One of the players is a 'Dungeon Master'?


I thought we had a tag for this. Where one of the players is a 'Dungeon Master' able to interact with the world and/or players in a different or more powerful way in order to provide supplemental challenge to the other players or, optionally, make it easier for them.

Asymmetric multiplayer is closest probably.

Crawl and Dungeonland at least has the player as the dungeon master thing going.

As defined, Asymmetric multiplayer does sort of apply. When applying this tag, I have always presumed the difference is not unbalanced and that each may likely have different yet complementary win conditions. The definition is missing these clauses. A Dungeon Master player does have any win conditions in relation to the win conditions of the main players. They probably function with entirely different game mechanics even if the same interface is used. They probably have no score if the main players do. Players have can have an inventory, carry capacity, lives, health, stats, magic system, experience, skills, and advancement system that the DM lacks.

For existing tags, Co-Play is also somewhat applicable but not accurate.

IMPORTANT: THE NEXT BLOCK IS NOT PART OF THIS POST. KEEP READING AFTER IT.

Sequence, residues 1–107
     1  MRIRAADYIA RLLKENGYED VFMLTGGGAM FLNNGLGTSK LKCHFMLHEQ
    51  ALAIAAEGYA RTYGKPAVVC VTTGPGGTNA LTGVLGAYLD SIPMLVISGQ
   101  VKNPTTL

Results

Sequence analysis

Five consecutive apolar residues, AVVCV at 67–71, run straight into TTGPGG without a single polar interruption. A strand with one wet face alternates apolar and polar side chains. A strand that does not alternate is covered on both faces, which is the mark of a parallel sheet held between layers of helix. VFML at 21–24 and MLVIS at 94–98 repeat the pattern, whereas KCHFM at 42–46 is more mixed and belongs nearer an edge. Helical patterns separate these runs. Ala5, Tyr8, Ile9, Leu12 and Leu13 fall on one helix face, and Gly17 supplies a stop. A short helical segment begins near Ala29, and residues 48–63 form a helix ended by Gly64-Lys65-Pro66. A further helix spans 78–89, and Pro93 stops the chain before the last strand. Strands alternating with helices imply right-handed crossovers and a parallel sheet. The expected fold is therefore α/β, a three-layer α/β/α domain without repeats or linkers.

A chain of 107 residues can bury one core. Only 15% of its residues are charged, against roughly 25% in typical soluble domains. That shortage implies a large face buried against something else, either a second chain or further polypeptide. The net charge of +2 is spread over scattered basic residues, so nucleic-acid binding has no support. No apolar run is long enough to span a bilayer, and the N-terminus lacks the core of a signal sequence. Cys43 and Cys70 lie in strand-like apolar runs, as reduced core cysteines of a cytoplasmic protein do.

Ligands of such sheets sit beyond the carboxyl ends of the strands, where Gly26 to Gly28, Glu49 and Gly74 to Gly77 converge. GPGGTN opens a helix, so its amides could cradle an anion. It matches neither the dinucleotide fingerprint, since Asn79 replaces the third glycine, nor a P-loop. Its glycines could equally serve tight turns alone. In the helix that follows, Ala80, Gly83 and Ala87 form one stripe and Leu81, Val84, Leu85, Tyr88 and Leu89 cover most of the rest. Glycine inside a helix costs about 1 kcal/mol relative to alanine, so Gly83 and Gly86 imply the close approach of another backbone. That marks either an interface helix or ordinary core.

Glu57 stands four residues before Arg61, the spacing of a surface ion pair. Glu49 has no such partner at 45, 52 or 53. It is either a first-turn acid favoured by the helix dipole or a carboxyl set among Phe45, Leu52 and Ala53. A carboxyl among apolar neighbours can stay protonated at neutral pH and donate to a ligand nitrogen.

As for example games:

Quest for the Rings was designed for 2 players + 1 Dungeon master. The manual does offer options for having no Dungeon Master and 1 or 2 player games but this really puts a crimp in the fun factor. The DM sets up a game, can make alterations to the setup, and may 'possess' a main player.

Neverwinter Nights has the Dungeon Master Client mode that allows a DM to enter and manipulate the game world while regular players are playing it (provided the person running the DMC has access to the server). They can 'possess' any character in the game, modify or create content as desired (encounters, triggers, traps, waypoint, objects, monsters, teleports), provide awards to players, modify global difficulty, and even pause the game for everyone but themselves. Using the DM Avatar, they can be seen by other if they wish. Multiple DMs can be part of a game world where each is independently enabled or restricted (a feature that was not emphasized as well as it could have been, imo).

Sceptre of Goth (not yet verified and entered at UVL) was distributed with a "world editor" that basically gave the server operator a full toolset for not only modifying and creating the game world, but also doing so while the game was running. Effectively offering the same functionality for SoG as Bioware did for NWN (albeit for a less complex game)